For two sessions, Adams’s main thrust was the actions of the executive branch, although he certainly took slaveholders and the slave trade to task as well. He accused the executive branch of having sympathy, along with a large portion of the population, for slave traders, against “these poor, unfortunate, helpless, tongueless, defenceless Africans” which was the main motivation behind the proceedings they were now engaged in. Adams felt it was his duty to call upon the court “to restrain itself in the sacred name of JUSTICE.” Dramatically pointing to a copy of the Declaration of Independence hanging on one of the pillars in the court, he fell back on this key document as he had done time and time again. “I know of no law, but one which I am not at liberty to argue before this court, no law, statute or constitution, no code, no treaty, applicable to the proceedings of the Executive or the Judiciary, except that law.” He added, “I know of no other law that reaches the case of my clients, but the law of Nature and of Nature’s God on which our fathers placed our own national existence.” Adams was referring to a strand of the Declaration that had been familiar to the founders since the Greeks and Romans and more recently, the Europeans and in particular, the English philosopher John Locke. Locke had postulated in his Two Treatises of Government that men in the condition of nature, live in a state of equality in terms of power relationships, where “all the Power and Jurisdiction is reciprocal, no one having more than another.”Since rights are from a higher authority, no earthly power can violate them. Locke believed that “creatures of the same species and rank . . . born to all the same advantages of Nature . . . should also be equal amongst another without Subordination or Subjection.”
Adams also said that there was no article in the treaty that had any relevance to the Africans. Since he had negotiated this treaty, the court was intent on what he had to say. Article 8 of the treaty addressed a provision for vessels driven into a port by weather, pirates, or other necessities: the vessel and its inhabitants would be reasonably treated. No such condition existed in this case. “The clandestine landing in Havanna, the unlawful sale in the barracoons, the shipment on board the Amistad, were all parts of the original transaction. And it was in pursuit of the original unlawful intent that the Spaniards brought the vessel into a port of the United States," Adams observed. Article 9 stipulated that any merchandise rescued from pirates must be delivered into some port and restored to the owner. Adams dismantled that as well. “When they were brought . . . in the Tecora, against the laws of Spain, against the laws of the United States, and against the law of nations . . . who were the robbers and pirates?” Adams asked. “And when the same voyage . . . was continued in the Amistad, and the Africans were in a perishing condition in the hands of Ruiz, dropping dead from day to day under his treatment, were they the pirates and robbers?” When the treaty was negotiated, he insisted, “neither of us ever entertained an idea that this word merchandise was to apply to human beings.”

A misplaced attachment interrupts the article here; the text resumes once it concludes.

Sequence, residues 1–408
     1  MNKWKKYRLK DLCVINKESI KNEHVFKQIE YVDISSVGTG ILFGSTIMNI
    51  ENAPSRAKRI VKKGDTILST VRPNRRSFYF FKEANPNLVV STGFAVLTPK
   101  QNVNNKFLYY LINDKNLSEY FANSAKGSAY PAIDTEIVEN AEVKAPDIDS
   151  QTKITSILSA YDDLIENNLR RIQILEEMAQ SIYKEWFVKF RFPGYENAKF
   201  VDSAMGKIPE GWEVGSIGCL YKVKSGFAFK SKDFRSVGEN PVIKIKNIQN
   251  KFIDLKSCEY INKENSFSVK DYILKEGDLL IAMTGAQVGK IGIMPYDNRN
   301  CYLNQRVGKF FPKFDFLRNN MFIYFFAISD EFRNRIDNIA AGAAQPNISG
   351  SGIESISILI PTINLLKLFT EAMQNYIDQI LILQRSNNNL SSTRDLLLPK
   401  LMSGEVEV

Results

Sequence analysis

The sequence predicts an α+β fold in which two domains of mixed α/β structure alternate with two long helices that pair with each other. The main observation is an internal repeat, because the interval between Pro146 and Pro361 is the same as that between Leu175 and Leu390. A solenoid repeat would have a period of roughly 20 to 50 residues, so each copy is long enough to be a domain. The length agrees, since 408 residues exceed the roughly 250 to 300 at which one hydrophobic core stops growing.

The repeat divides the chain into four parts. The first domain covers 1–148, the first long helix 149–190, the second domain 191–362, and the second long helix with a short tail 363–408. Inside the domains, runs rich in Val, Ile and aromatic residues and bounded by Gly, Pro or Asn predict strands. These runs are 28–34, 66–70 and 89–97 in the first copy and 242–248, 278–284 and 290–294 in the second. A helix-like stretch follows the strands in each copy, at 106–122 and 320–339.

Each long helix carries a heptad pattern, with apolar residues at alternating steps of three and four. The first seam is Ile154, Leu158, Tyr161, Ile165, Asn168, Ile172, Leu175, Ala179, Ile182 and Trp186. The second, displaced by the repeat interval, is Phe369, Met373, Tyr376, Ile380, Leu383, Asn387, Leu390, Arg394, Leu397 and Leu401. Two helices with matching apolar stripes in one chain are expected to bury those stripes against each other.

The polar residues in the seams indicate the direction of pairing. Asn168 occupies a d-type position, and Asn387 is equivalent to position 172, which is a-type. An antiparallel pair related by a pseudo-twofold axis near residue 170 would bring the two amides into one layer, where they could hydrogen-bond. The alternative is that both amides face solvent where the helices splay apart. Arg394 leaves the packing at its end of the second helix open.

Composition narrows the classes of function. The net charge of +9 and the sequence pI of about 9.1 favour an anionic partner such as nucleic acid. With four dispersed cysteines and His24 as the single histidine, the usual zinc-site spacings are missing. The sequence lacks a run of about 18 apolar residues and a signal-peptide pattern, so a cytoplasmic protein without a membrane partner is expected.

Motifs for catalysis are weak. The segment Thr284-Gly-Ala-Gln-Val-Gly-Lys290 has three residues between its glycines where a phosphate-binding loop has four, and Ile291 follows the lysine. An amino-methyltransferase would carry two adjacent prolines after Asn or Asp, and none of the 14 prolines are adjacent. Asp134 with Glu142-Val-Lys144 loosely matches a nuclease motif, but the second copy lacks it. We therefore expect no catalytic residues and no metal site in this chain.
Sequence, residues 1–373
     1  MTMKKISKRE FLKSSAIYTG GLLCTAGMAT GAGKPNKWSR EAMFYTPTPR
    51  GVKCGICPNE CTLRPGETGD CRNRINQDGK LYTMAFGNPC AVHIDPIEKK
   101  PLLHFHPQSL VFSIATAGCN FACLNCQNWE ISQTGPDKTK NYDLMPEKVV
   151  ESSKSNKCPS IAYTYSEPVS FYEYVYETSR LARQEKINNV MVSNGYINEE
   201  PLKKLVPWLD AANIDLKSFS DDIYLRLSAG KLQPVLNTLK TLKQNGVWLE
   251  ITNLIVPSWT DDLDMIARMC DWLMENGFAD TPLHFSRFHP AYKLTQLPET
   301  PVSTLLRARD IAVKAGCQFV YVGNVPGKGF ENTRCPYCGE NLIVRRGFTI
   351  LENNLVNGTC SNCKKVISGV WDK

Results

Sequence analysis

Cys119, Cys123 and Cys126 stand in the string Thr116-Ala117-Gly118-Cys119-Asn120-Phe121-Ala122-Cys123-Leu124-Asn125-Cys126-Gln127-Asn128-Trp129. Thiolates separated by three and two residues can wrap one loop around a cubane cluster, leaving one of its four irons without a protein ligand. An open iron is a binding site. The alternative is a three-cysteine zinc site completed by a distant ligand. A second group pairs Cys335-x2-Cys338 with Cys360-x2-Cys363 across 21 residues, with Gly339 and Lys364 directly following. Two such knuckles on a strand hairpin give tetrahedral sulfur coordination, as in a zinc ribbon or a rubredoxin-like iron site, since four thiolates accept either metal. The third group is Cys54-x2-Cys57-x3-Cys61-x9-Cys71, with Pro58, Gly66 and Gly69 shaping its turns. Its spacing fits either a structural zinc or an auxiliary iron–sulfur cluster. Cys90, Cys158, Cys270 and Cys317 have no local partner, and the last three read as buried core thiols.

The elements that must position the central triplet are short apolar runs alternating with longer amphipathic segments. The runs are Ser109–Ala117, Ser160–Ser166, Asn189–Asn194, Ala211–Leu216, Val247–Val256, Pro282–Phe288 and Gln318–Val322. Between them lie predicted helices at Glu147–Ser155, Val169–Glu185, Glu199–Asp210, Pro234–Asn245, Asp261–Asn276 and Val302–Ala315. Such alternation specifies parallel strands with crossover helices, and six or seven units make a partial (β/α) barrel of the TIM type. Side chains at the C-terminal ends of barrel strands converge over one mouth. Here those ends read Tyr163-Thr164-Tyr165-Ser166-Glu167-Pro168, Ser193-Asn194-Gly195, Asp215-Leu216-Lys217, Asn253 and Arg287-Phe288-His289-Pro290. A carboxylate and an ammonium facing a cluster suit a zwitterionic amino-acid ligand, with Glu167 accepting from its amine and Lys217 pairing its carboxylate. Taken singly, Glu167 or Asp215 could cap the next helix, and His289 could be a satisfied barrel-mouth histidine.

The tenth article dealt with a damaged vessel and the fair treatment by the host country in terms of paying the same charges as the inhabitants of their own country. This article, Adams argued, had nothing whatsoever to do with the case. The ship was neither wrecked nor damaged, and the Africans “were brought to our shores by deception, and against their wills.” The Spanish, therefore, had no basis for using the treaty to argue their case.
Adams saved some of his most pointed remarks for use against the executive branch. What greater violation of the oath of office, Adams said, than to cooperate with a foreign government and deliver a cargo of men under the guise of slaves. The Declaration of Independence remained the central tenet in the case, and the president was “profoundly ignorant” of the self-evident truths, which was a “willful and corrupt perjury to his presidential oath.” Any cooperation with Spain was a desecration of the American judicial system, and furthermore, there was no American jurisdiction over this case in any way whatsoever. Adams also brought up an official document that had no name attached that referred to the decision of the District Court as “one of the deepest importance to the southern states.” What did the Southern states have to do with the case and what did the case have to do with the Southern states, asked Adams? He drilled home the point that “it is a question of slavery and freedom between foreigners; of the lawlessness or unlawness of the African slave trade; and has not . . . the remotest connection with the interests of the southern states.” Fully aware that the court was a majority of Southerners, Adams said the document “was evidently calculated to excite prejudice, to arouse all the acerbities of feeling between different sections of this country, and to connect them with this case, in such a manner to induce this court to decide it in favor of the alleged interests of the southern states, and against the suppression of the African slave trade.”
Adams again circled back to the Declaration of Independence. Was the principle on which the Southern states demanded a particular decision by the court a principle of that Declaration, Adams asked the court, again pointing to the copies hanging in the court. “Every man has a right to life and liberty, an inalienable right,” Adams added. “This case is decided. I ask nothing more in behalf of these unfortunate men.” Adams had shown that the Blacks were free, the papers were “absolutely null and void as passports for persons, and still more invalid to convey or prove a title to property.”
NOTE: All quotations in this excerpt have been noted in the actual text of the book.